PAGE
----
The value of this approach is twofold.  On the one hand it gives general movie-goers, Welles fans, and Kane aficionados a way into the actual movie behind the film.  It makes sense to see Charlie Kane as a Shakespearean figure who is forever haunted by his own hubris, and hence his tragedy is his glory.  In the second place, such an Elizabethan narrative framing would help average viewers understand that the real Welles very much saw himself in a similar, if never entirely tragic light.  His identification with Shakespeare and the Renaissance was such that he felt compelled to embody as much of what he saw as the virtues of that era, and its artistic models, in everything he said or did, especially in the all the stories he tried to tell, whether it was an original idea of his, or an adaption of some the best authors in history.  All these elements, it seems to me, would be the best approach to telling a tale about the making of Citizen Kane.
RKO 281 was an attempt to tackle the themes and ideas hidden in a simple piece of history.  As I said, it's the kind of topic with a lot of baggage that needs to be unpacked.  It's a creative task that requires patience, care, and above all, a good deal of literacy.  Perhaps its for these very reasons that the makers of this particular version just weren't up to the task.  Perhaps the best thing to takeaway from it is that it can act as a spur to greater creative minds to take their own swing at it one day.      


  1. (1) I have not seen this RKO movie, although it sounds quite interesting - or rather, any making of Citizen Kane/ biopic of Kane SOUNDS interesting, but as you sketch out, might not live up to its potential.

    (2) I'm delighted to see THE CROSSING brought up, though. I saw this one. I hadn't meant to, the night I saw it, and can't recall the circumstances now, nor have I ever watched it again. But several of the scenes are clear in memory, and just the other day, seriously, I was thinking about Jeff Daniels in this movie. I may even have channeled him while walking with the girls across Western Avenue ("We cross!") once the light changed. I agree, though, that this is a useful approach: one event or a limited time frame in a major figure's life.

    (3) i kept waiting for you to bring F Is For Fake into things in this section on cherry picking reality for a curated version of events! Have you seen that one?

    (4) Good call with STAGECOACH.

    (5) In theory I could see Liev being a damn good Orson. That was good casting. The idea, I mean. It's too bad they bungled it. John Logan wrote THE AVIATOR, right? I've been iffy on his other scripts, particularly NEMESIS. So many hands in the pot for movie scripts, it's tough to tell who did what or where to place the blame, but (unluckily for him) Logan has enough of a CV where certain unappealing patterns can be mapped. So, either he's worked with people who mess with his scripts in the same ways over and over, or he and I have a fundamentally different idea of what beats to hit and how to bring them out. (THE AVIATOR being the notable exception.)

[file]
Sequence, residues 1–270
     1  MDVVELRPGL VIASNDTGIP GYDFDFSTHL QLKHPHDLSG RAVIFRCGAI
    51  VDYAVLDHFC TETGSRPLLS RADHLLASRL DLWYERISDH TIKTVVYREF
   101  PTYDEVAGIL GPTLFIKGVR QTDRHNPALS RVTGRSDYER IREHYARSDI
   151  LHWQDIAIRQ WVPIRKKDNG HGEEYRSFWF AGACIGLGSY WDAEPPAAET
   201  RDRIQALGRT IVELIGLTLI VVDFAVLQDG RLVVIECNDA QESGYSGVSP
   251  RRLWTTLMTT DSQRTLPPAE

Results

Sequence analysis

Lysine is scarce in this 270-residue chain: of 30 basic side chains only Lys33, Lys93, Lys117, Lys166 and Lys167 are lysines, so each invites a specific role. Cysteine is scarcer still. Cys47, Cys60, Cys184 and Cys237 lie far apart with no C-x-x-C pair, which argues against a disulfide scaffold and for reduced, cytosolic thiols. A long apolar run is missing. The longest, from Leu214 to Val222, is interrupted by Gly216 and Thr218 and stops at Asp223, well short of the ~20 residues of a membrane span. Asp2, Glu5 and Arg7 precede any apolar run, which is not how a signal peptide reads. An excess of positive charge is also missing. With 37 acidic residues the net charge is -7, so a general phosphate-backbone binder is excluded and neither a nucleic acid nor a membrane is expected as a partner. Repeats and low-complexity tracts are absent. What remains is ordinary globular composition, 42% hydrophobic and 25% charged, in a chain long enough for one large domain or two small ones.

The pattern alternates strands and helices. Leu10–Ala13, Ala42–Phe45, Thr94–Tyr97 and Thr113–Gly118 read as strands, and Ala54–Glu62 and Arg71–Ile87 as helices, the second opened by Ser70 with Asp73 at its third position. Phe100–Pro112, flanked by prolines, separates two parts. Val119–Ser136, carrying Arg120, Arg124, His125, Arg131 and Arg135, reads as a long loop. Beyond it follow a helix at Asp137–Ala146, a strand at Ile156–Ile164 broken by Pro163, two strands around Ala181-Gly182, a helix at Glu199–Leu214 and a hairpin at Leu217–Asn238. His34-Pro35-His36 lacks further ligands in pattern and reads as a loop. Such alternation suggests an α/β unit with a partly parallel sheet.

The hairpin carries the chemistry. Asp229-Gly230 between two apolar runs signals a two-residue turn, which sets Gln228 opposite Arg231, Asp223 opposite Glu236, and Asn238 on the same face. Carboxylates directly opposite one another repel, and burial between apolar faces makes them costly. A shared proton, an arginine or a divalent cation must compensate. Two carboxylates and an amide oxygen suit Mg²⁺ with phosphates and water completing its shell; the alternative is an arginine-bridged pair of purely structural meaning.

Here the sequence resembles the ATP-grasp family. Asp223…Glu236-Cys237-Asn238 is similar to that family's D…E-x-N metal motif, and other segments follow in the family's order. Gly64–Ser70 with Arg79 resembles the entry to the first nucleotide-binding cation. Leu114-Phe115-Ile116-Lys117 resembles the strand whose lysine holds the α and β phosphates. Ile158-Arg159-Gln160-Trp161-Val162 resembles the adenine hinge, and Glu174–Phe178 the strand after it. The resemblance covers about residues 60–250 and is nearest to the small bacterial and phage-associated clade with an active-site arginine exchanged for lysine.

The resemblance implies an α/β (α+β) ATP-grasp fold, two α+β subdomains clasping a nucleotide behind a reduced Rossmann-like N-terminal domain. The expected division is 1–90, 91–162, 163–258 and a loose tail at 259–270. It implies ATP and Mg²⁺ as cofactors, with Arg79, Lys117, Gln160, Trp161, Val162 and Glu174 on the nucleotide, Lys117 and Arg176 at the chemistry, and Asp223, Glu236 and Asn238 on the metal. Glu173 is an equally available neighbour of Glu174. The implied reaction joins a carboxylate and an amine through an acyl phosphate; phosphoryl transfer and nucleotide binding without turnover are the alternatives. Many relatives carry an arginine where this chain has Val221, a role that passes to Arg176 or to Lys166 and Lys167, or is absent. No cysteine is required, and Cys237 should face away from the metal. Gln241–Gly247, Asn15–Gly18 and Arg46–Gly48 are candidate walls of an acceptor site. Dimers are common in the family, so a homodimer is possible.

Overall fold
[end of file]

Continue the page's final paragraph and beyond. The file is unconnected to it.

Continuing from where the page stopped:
1. (2) Yeah, I'd definitely say give "Crossing" another chance. Not only is it the best film about the Revolutionary War (a great sight better than "The Patriot, that's for damn sure) it's also a good vehicle that might make people remember that Daniels can carry a dramatic role. That traffic light bit sounds just great.

      (3) Say sorry on this one. I've heard of it, yet I've never watched it as of this moment in time (quietly dons toilet lid of shame).

      (4) It's just one of those bits of historical information that have passed into legend really. Of all the moments in the film, it's the one I'm inclined to believe is real. If I had to figure why else the real Welles did that, then I'd have to say it was something Toland encouraged him to do it once he agreed to shoot the flick, it might have been his way of getting Welles to pay attention to his strengths and weaknesses as a cinematographer.

      (5) "The Aviator" I have seen, and I hate to say this, yet I think I prefer "Gangs of New York" to this one. I'll admit there are scenes that work for me, yet as things went on I just began to see where it was all headed, and it occurred to me that I just didn't want to stick around for it. The moments I like best are near the start, where the Golden Age Hollywood is the main setting. I almost wish Scorsese had made the creative decision to just focus on those moments, and leave it at that. Those were the best, I think.


  2. I never saw this, but I remember when it aired. Great cast, but it sounds like it's not much of a movie. And the thing is, if you're going to make a movie about one of the agreed-upon classics of cinema, you've got to deliver; otherwise, you're risking being laughed off the screen. This doesn't sound THAT bad; but it doesn't sound too good, either.

    What it sounds like to me based on your descriptions of it is one of the several biopics about Ian Fleming, all of which are mediocrities, and some of which feel the need to try to be half-baked James Bond movies. You're mostly left wondering why anyone bothered, and that's kind of the feel I get from this Welles-based film.

    1. And that, ladies and gentlemen, is this film's whole damn problem summed up in a nutshell.

      Maybe next time, perhaps. That is if someone can get both their script and the facts straight. Also remember to just focus on the making of the film itself. That's the only part that really matters.